Healthy Living: Diabetes and dementia
A recent study has shown there is a link between diabetes and dementia. Our Katie Gibas has more on the study, and what you can do to help prevent Alzheimer's.
To view our videos, you need to
install Adobe Flash 9 or above. Install now.
Then come back here and refresh the page.
Sally Donaghey has been married to her husband Matt for 55 years. But, their lives changed when he was diagnosed with Alzheimer's disease.
"They can't remember certain things. Then they forget how to do certain things. So, they get very frustrated at times. I didn't know what to do because he was very active," explained Donaghey.
Dr. Sharon Brangman, Upstate Medical University Geriatrics Division Chief, said, "It's very devastating because you essentially see somebody unwind, and become a different type of person."
Alzheimer's is the most common cause of dementia. It is the progressive loss of cognitive function, such as thinking, remembering, and reasoning. Because there is no cure, doctors say that prevention is key.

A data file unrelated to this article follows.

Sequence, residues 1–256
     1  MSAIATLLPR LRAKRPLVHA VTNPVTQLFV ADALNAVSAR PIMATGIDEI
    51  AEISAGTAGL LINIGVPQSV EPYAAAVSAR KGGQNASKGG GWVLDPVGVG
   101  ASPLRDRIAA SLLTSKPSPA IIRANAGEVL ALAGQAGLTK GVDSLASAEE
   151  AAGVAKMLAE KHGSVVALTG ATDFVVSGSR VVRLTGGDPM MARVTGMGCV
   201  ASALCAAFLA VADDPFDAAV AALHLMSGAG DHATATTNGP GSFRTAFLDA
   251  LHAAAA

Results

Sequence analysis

"The same things we do to keep our heart healthy, keeps our brain healthy, because it's the same blood vessels that get damaged in heart disease that can get damaged in brain disease," noted Brangman.
A recent study has provided new insight into dementia. Researchers followed more than 1,000 people ages 60 and older, for 11 years. The results showed that adults with diabetes were twice as likely to develop dementia.
"If the brain is not getting enough sugar because of diabetes, it might start a whole cascade of events that eventually leads to dementia, like Alzheimer's disease," said Brangman. "Information is always good to know. And, many of the diseases that put you at risk for dementia are within our control to manage. High blood pressure, being overweight, and diabetes now is also another one."
Even though dementia is not a normal part of aging, doctors said the risk increases with age. And, they anticipate seeing a jump in the number of people with the disease as the baby boomers reach old age. If you suspect a loved one may have the disease, be sure to get tested early so you can both learn to manage the disease.
"We have our days. It's bound to happen, it's all new. Every day is a new day," said Donaghey. "That's the thing with Alzheimer's. Every day is a new day, and you have to take it in stride."